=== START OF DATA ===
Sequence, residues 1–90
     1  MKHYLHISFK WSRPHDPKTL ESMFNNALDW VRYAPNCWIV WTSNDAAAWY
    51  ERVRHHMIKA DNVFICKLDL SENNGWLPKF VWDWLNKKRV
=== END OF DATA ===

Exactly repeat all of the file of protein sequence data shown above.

Sequence, residues 1–90
     1  MKHYLHISFK WSRPHDPKTL ESMFNNALDW VRYAPNCWIV WTSNDAAAWY
    51  ERVRHHMIKA DNVFICKLDL SENNGWLPKF VWDWLNKKRV